Forest School activities and lessons

Natural xylophone - Photo credit: Debs Richardson Bull

At Forest School children get to take part in activities that encourage creativity and exploration. All of our activities are designed to be fun and interesting, and importantly something they would probably never otherwise experience.

Because Forest School programmes run over a minimum of 6 sessions the lessons are designed to offer a continuum of learning, over which children will gradually build up their skills and confidence of working and playing in the natural environment. We progress towards activities involving tool use and fire at a rate suitable to the individual group.

All of the activities we do during Forest School are designed to challenge children - but also to be achievable. This way children are able to stretch their skills whilst also building their confidence.

Our Forest School practitioners are able to design a Forest School programme to meet your needs and can be tailored to meet specific curriculum links.  We provide all of the lesson plans for Forest School and provide them to schools in advance for their opinions and approval. 

Click here to see an example lesson plan for a year 1 minibeast session, which illustrates some of the curriculum links we can include in our lessons.  Whilst each session has a lesson plan, with learning objectives set, child-initiated learning is always encouraged.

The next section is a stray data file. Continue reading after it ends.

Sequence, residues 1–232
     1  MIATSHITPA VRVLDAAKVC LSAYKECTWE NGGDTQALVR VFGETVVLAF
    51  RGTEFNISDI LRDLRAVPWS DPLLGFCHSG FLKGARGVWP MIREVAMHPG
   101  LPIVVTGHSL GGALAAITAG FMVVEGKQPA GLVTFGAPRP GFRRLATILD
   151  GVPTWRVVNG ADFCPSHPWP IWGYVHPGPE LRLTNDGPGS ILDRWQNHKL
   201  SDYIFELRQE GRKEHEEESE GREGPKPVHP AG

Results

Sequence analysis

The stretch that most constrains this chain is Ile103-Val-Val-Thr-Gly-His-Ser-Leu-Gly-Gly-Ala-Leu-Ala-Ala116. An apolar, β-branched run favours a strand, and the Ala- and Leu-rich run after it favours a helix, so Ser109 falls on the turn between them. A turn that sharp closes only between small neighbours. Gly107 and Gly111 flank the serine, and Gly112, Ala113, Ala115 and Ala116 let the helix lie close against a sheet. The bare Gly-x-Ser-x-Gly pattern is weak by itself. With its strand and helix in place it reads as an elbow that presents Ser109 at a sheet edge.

Example activities for Early Years and Key Stage 1:

  • Woodland walks and nature trails
  • Nature crowns
  • Minibeasting
  • Shelter building
  • Making teddy homes
  • Forest School stories
  • Basic tool use to make minibeast hotels, wooden snakes, tree cookies, leaf presses etc.
  • Building and lighting fires
  • 123...where are you? Hide and seek game
  • Puddle splashing, mud painting, mud sliding
  • Exploring and collecting woodland materials to make natural art
  • Scavenger hunts
  • Clay creatures
  • Natural music

Example activities for Key Stage 2 (as above plus the following):

  • Nature detectives
  • Constructing ovens and cooking food on fire
  • Building wooden and rope bridges
  • Blindfold / trust games
  • Using tools to create woodland crafts e.g. whistles, charcoal pencils, mallets etc.
  • Willow weaving
  • Exploring habitats

Some of the activities mentioned above involve tool use and fire building. As an unfamiliar activity this can sometimes cause a safety concern to teachers and parents.  Children's safety is absolutely paramount to us - activities are always fully risk assessed and we always ensure children are prepared and capable before beginning any task involving tools or fire. 

You can find out more about our safety measures by visiting the keeping learners safe page.